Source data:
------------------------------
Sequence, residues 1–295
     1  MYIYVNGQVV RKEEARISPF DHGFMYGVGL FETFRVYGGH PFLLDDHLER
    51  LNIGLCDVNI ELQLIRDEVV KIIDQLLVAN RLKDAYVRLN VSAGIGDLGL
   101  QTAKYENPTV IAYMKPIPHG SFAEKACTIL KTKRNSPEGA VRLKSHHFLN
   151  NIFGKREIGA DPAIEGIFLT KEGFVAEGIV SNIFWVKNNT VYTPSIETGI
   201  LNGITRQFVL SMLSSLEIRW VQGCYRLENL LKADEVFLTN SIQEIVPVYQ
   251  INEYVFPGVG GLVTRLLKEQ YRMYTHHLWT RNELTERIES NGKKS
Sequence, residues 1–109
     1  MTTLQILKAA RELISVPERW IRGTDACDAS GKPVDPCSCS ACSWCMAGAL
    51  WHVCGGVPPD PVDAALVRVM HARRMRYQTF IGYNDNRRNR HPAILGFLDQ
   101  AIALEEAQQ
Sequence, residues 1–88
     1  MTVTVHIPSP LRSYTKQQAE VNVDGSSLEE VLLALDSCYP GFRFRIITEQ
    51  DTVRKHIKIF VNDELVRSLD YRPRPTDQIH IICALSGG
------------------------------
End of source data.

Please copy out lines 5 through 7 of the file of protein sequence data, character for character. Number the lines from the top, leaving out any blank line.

   151  NIFGKREIGA DPAIEGIFLT KEGFVAEGIV SNIFWVKNNT VYTPSIETGI
   201  LNGITRQFVL SMLSSLEIRW VQGCYRLENL LKADEVFLTN SIQEIVPVYQ
   251  INEYVFPGVG GLVTRLLKEQ YRMYTHHLWT RNELTERIES NGKKS